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Synton Syrinx

Syrinx is a compact monophonic synthesiser made by a Dutch electronics company and imported into the UK by Rod Argent's keyboards. It comes in a choice of two finishes, black or maroon, but the synthesiser itself is identical under the front panel. The Syrinx has several unusual features which make it unique among instruments of its price range, and not to put too fine a point on it, in many ways it is unspeakably wonderful. Let's look at the basic spec, first.


The Syrinx is a straightforward CEM-chip analogue synth with a 3½ octave keyboard, 2 oscillators (one with a sub-oscillator), 2 LFOs, 2 ADSRs, Ring Modulator, White Noise Generator, 3 Filters and a VCA. It's the filters which contribute most to the machine's unusual sound; there is a 24 dB/octave Low Pass Filter with a Resonance Control, and two 12 dB/Octave Peak Band Pass Formant Filters with their own Resonance controls. As each of these filters can be modulated in different ways and placed at various points in the signal path, some very complex sounds can be created. The sync facilities and Touch/Bend pad are also fairly unusual, as we shall see in working from left to right along the control panel.


Three sockets are labelled at the top left of the control panel, in white lettering on the maroon or black background as is all the other labelling. These are Gate, Keyboard CV and Audio Out. Of these, the first two are stereo sockets, with the tip of the plug carrying the signals out and the ring carrying the signal in. This may prove a little awkward, but it's cost-saving and can be overcome with a couple of special leads. The ADSRs require a 5-volt trigger/gate signal with triggering edges shorter than 0.5mS, but the LFOs can also be reset if a 10V pulse is applied. Normally the keyboard resets the LFOs when in use, but a mono jack plug inserted into the Gate socket can block the reset pulse; this can be made selectable by wiring a footswitch across the sleeve and ring connections of a stereo jack plug. The CV is of the standard 1V/octave kind, and the audio output will also drive headphones down to 125 ohms impedance. The large master volume Out knob is located next to the output socket; there's no facility for an input (for a guitar, for instance) to the filter; this could be added easily enough, but perhaps it's a feature that's simply gone out of fashion.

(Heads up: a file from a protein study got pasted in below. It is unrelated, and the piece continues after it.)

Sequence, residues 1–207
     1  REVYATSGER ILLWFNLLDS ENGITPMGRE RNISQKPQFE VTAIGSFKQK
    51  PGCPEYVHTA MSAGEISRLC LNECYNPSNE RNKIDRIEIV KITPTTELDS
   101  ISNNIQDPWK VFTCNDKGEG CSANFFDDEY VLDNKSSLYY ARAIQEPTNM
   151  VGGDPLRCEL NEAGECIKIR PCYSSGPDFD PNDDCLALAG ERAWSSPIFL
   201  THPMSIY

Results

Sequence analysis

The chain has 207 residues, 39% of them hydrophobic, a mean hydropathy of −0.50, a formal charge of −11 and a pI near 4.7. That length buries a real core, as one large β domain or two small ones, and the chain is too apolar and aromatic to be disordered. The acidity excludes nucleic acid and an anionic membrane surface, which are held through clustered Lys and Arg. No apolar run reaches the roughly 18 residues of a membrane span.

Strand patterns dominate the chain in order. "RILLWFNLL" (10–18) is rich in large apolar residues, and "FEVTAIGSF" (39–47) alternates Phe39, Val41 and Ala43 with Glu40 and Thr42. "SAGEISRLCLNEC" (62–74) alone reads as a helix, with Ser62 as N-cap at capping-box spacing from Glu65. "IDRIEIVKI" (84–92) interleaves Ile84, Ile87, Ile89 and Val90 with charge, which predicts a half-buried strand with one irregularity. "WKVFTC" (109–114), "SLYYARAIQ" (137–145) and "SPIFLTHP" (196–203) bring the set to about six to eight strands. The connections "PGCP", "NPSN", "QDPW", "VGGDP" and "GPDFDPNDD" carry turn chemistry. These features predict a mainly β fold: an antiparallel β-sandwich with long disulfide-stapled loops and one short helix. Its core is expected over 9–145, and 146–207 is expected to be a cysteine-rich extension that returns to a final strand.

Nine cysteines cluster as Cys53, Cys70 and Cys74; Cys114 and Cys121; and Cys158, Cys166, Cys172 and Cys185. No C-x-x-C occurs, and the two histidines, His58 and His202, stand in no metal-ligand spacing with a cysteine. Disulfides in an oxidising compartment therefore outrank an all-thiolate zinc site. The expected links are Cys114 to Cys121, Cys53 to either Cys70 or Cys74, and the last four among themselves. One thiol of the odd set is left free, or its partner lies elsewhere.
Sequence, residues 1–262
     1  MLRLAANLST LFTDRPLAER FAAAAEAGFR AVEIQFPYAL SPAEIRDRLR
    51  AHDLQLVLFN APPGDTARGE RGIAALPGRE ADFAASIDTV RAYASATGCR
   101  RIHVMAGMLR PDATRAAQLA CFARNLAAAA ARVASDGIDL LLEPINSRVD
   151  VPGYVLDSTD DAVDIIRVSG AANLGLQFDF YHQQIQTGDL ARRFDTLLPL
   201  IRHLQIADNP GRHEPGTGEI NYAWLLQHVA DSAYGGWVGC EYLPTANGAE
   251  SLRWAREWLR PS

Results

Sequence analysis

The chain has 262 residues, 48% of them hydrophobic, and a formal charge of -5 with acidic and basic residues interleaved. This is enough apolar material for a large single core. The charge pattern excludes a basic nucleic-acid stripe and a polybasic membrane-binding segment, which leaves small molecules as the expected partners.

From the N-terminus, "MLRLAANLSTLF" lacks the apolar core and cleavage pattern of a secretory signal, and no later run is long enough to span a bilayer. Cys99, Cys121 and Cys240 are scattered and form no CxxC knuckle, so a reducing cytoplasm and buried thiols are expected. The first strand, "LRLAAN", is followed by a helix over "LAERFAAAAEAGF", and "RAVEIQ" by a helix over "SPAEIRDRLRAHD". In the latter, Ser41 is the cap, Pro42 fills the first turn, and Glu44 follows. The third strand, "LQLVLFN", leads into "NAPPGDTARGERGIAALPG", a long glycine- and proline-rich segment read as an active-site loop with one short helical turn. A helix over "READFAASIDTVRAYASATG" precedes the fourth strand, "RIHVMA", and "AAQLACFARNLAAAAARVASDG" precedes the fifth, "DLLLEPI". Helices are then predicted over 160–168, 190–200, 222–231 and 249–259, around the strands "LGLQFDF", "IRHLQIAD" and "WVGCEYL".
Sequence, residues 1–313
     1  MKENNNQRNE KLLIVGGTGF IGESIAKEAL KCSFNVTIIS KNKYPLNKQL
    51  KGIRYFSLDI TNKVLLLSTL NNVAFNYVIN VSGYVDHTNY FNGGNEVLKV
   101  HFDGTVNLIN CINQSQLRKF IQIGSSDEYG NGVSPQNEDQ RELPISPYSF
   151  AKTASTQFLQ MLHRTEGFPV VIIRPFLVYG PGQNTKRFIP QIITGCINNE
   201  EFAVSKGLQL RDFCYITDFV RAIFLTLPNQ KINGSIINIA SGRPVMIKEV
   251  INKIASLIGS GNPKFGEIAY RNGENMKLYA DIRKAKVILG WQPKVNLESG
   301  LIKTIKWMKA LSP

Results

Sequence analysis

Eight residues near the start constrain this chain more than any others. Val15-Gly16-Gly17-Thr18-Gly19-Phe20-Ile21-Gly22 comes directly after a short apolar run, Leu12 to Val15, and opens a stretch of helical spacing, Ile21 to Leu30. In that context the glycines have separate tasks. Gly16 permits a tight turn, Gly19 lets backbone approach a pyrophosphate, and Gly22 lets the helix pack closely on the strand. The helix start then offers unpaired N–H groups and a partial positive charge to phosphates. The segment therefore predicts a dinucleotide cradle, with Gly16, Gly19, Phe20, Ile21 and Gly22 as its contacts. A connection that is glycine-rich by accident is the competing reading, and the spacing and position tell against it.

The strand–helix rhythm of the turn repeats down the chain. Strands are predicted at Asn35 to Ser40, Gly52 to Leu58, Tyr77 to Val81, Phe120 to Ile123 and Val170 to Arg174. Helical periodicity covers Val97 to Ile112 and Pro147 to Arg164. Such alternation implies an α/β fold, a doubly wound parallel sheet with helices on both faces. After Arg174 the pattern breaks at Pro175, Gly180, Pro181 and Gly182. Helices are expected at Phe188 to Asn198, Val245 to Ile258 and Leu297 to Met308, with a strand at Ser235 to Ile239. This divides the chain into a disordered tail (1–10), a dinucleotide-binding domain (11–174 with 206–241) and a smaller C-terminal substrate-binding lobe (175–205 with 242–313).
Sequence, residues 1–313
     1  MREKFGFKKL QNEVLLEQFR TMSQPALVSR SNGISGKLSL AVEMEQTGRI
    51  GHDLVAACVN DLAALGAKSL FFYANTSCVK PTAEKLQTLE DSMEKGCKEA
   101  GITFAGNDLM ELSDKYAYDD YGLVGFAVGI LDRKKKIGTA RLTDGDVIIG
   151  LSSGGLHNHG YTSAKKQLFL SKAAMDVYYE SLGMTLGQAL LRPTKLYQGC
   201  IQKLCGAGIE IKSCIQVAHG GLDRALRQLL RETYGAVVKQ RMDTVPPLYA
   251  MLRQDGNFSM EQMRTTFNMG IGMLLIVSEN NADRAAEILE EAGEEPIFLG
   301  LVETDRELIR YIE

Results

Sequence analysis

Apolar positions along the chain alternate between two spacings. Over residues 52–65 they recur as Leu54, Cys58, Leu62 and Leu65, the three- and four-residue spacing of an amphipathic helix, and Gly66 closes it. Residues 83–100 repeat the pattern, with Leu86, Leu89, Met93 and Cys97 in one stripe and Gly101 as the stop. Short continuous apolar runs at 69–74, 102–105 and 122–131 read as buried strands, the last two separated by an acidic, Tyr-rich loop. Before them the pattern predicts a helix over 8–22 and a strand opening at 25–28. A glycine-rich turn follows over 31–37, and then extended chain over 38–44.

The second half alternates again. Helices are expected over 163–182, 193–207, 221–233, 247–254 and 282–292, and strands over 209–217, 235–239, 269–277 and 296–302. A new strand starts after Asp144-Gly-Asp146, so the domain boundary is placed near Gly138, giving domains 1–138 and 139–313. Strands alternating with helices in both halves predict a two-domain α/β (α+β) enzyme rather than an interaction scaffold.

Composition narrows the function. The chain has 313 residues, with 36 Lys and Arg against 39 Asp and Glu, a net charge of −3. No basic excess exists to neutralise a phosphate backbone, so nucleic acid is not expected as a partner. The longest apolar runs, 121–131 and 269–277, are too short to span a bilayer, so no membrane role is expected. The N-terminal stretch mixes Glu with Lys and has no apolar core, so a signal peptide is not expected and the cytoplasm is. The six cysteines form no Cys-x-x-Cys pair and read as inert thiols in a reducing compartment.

There are two slow oscillators with individual speed controls, but a shared shape control ranging from sawtooth to triangle to inverted sawtooth. LFO 1 can only be used for Pulse Width Modulation of VCO 2, while LFO 2 also produces a square wave which can only be assigned to modulation of both oscillators. Unfortunately this kind of complexity is typical of the Syrinx, but it is possible to learn to live with it. Each LFO has a rate indicator LED, and the speed of LFO 2 can be controlled at the flick of a plastic toggle switch by the bender pad which takes up the rest of the left-hand section of the control panel.